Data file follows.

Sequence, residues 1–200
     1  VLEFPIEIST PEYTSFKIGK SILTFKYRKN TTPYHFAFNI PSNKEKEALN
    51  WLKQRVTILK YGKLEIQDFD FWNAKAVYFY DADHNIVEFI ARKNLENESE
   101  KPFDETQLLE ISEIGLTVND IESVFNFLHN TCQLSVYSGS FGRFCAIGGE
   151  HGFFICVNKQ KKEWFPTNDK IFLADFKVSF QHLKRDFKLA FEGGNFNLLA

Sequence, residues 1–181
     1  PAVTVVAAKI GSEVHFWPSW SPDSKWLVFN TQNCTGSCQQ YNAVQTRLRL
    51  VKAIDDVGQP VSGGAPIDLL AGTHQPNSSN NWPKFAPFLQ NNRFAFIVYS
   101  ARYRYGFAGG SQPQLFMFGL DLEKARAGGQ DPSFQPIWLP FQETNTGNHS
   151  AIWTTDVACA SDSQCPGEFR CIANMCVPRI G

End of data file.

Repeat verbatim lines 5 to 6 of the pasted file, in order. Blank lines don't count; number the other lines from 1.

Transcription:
   151  HGFFICVNKQ KKEWFPTNDK IFLADFKVSF QHLKRDFKLA FEGGNFNLLA

Sequence, residues 1–181